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This is an undiscovered gem. The jewel in the crown of an
otherwise unpromising West London street. One does not normally mention
the Goldhawk Road and fine cuisine in the same breath but here it is
and it’s outstanding.
Tatra is a smart restaurant that deserves to be full. It is just a few
yards from the bustle of Shepherds Bush Green. It is simple and
contemporary. The interior is in fact designed by one of the
proprietors, Sylwia Judycka. She confesses to not being a trained
restaurant designer but has done marvellous work transforming the space
from iffy red and white to restful and sophisticated mushroom tones.
Notice the abstract art on the brick wall? That’s another of Sylwia’s
This is a light restaurant during the day. High ceilings still display
hints of Victorian moulding. There are candles in niches which change
the ambiance from daytime restful retreat to night-time buzz. This is a
place that is at its liveliest in the evenings, and on Sundays when
it’s full of Poles out to enjoy a good family meal with tastes of home.
The menu is an Eastern European culinary tapestry. There are dishes
aplenty from Poland, but Russia and Hungary are also represented. There
is even a nod to Siberia. There is comfort writ large on every page but
this is classy comfort rather than nursery food.
You need know nothing of Eastern European food to find a satisfying
meal here. The staff are more than happy to lead you through the dishes
giving good advice about the origin and ingredients of each one. The
advice of this reviewer would be to come with an appetite.
We were visiting a Polish restaurant so vodka seemed a good idea. There
is an extensive vodka menu and that was no surprise but that list
includes a good number of home-infused vodkas. No, the management don’t
buy unmarked bottles from a bloke behind the Shepherds Bush Empire. The
chef makes these himself with each one being lovingly babysat for two
months till it reaches its age of maturity. We had pear vodka and it is
to be recommended. It’s made with fresh fruit and captures the very
essence of pear flavour. This vodka tastes more like a pear than does
the real thing. It is served in a frozen thick glass to add even more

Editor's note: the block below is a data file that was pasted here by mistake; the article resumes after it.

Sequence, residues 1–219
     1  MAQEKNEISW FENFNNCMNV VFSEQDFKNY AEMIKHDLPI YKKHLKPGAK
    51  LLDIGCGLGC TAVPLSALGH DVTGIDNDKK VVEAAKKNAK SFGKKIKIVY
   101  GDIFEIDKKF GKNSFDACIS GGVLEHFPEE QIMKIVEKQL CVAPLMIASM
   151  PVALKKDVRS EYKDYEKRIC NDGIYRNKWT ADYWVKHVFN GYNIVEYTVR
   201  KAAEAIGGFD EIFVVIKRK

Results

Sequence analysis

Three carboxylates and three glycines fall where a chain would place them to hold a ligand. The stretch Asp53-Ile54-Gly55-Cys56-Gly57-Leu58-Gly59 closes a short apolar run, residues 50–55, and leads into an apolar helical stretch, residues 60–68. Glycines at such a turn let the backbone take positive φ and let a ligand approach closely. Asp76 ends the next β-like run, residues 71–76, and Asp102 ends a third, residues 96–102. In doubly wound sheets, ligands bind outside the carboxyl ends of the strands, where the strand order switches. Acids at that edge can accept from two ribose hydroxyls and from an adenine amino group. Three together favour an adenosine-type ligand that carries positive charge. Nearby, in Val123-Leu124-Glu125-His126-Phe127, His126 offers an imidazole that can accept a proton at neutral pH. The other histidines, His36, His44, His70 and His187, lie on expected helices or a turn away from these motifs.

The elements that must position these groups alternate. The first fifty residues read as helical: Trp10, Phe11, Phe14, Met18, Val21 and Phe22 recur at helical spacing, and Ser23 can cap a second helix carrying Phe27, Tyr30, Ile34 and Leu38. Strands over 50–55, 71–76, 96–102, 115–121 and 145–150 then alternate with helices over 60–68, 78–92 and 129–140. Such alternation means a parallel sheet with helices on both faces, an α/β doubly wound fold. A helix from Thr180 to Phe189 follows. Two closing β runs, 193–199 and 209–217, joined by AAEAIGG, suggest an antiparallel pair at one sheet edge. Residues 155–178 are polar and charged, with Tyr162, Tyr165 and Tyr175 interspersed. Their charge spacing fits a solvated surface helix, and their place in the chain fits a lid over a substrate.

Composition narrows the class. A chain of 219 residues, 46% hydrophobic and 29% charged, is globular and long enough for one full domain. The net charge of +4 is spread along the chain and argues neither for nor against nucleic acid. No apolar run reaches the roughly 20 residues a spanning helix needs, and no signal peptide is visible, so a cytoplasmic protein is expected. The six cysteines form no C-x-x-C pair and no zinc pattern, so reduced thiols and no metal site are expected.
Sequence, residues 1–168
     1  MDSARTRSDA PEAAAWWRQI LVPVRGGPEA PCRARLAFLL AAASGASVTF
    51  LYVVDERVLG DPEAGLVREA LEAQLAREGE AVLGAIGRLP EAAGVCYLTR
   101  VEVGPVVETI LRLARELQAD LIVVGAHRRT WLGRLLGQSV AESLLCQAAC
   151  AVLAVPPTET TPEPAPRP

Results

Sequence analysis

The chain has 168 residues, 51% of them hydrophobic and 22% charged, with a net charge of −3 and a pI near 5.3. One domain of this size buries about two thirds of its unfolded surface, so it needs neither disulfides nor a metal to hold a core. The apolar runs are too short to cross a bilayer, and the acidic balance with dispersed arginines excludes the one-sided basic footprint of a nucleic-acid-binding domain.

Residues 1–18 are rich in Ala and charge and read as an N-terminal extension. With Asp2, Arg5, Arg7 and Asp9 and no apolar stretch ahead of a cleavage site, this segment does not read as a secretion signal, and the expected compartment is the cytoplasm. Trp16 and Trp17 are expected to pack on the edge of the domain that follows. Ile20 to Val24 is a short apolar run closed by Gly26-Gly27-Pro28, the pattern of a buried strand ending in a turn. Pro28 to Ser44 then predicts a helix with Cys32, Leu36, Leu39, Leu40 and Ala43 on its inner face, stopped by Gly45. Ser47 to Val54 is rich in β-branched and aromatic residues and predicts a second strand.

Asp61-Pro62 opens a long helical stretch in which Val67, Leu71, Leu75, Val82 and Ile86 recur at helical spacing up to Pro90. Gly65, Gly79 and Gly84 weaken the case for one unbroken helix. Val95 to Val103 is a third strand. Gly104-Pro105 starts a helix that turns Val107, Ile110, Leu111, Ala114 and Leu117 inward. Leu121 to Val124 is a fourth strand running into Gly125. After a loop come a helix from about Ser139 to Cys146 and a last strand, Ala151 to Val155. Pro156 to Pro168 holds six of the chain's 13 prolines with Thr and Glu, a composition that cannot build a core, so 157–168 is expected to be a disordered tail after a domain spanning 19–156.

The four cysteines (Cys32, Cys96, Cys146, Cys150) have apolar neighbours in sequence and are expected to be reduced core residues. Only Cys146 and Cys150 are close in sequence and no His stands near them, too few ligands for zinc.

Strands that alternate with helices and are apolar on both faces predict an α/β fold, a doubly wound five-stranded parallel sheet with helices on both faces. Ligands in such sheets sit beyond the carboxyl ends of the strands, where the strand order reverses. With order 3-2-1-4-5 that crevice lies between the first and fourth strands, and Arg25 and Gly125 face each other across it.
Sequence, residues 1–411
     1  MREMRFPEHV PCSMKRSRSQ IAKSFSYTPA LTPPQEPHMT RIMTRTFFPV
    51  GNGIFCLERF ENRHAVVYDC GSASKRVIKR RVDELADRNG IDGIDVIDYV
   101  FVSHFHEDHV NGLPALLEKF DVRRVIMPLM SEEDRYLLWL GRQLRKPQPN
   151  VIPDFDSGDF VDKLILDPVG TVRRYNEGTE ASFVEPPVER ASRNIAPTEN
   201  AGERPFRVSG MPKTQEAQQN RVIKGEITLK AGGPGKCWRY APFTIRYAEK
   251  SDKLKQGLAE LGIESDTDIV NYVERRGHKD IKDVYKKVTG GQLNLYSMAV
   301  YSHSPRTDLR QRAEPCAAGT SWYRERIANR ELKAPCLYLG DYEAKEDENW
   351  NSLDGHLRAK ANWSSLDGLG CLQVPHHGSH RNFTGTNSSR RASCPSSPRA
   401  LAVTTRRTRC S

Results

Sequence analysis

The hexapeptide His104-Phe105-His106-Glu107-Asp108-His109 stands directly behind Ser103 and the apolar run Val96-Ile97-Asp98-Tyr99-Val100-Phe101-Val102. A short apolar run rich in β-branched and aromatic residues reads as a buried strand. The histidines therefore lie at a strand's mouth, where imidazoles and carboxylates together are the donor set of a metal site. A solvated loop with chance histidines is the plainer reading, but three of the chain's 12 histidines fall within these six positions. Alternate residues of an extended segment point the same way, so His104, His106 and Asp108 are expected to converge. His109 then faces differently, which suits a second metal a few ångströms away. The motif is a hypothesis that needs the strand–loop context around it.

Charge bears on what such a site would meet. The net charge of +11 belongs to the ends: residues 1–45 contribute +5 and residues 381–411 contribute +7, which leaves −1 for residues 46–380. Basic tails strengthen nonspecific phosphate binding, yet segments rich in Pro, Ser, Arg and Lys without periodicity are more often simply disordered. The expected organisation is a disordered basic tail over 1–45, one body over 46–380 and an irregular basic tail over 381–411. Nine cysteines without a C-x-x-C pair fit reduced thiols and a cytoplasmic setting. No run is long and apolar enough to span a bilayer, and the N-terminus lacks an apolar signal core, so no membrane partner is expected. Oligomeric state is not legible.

Polishness to the proceedings, as if that were necessary.
While we waited for our starters to arrive we were presented with a pot
of spread and bread. The aforementioned paste was made from lard. OK, I
have probably just lost half my readers but I will tell those of you
remaining that this is a taste from the past. Hands up who remembers
bread and dripping? If you do then you will find this to be equally
delicious. For those poor unfortunates who have never known that joy
then I can tell you that this Polish counterpart is a light and almost
creamy spread with subtle hints of onion and apple. I loved it all
those years ago and I grew up to be a restaurant reviewer, so let’s not
have any prejudices here.
So we ordered our starters. I knew dumplings were big in Eastern
Europe. That is to say they are very popular and I assumed they would
be big. My Siberian version, Pelmeni, were something of a surprise. One
would expect Siberians to be tucking into football-sized creations
after a day mowing the tundra but these were small and delicate like
hexagonal ravioli. The filling was pork and veal, and the sauce was of
garlic butter and spring onions which was plate-lickingly delicious. My
guest had Russian dumplings which were of a light and flaky pastry with
a flavour of braised onion and bacon. These looked very attractive and
were proclaimed to be moreish.
I ordered Leczo which is a rich goulash with dumplings. These
particular dumplings were different from the starters. They were not
filled but were the lightest and most melting of any dinner dumpling
you could imagine and a bit like a potato gnocci in texture. They were
a foil for the vibrant stew of tender meat and peppers. The perfect
meal for a cold British winter.
My guest ordered Golonka, pork shank with braised cabbage and potatoes.
This is a striking dish of mahogany hue and fit for any hearty eater,
or two modest ones. The meat had been slowly cooked and could be eased
from the bone with the merest breeze from an opening restaurant door.
The cabbage, although braised, was in no way slimy (a culinary term oft
used to describe British cooked leafy vegetables). It had bite and was
a good companion to the ample quantity of meat.
It’s difficult to focus on dessert when one has so over-indulged in
previous courses but we were tempted by the knowledgeable and charming
waitress into trying a slice or two of Polish Christmas cake. This was
nothing like a British Christmas cake of brick-like consistency with
perhaps a marzipan reindeer as garnish. This was a roll of light pastry
filled with a sweet poppy-seed paste. It was delightful and was helped
down by a good cup of tea. It’s not a usual menu item but well worth
trying at this time of year. I would recommend the crèpe filled
with raisins, almonds, rum and cream cheese for the other months.
You should visit Tatra now before it becomes famous, moves to Mayfair,
triples the prices and takesbookings for weeks in
advance. The husband and wife team of chef Robert Kusy and Sylwia
Judycka (who seems talented at everything else) are passionate about
their restaurant and it shows. It shows in the thoughtful menu. It
shows in the attention to detail. It shows in their choice of staff,
and above all it shows in the quality of food. They are not managers.
Tatra is Robert and Sylwia's dream. It’s their business and it is bound
to do well. This is one of my top three restaurants reviewed in 2009.
Restaurant review: Tatra Restaurant
24 Goldhawk Road, Shepherds Bush, London W12 8DH,
Monday - Friday
Lunch 12am - 4pm, Dinner 6pm-11pm,
Saturday 12am - 11pm, Sunday 12am - 10pm
Visit Tatra here.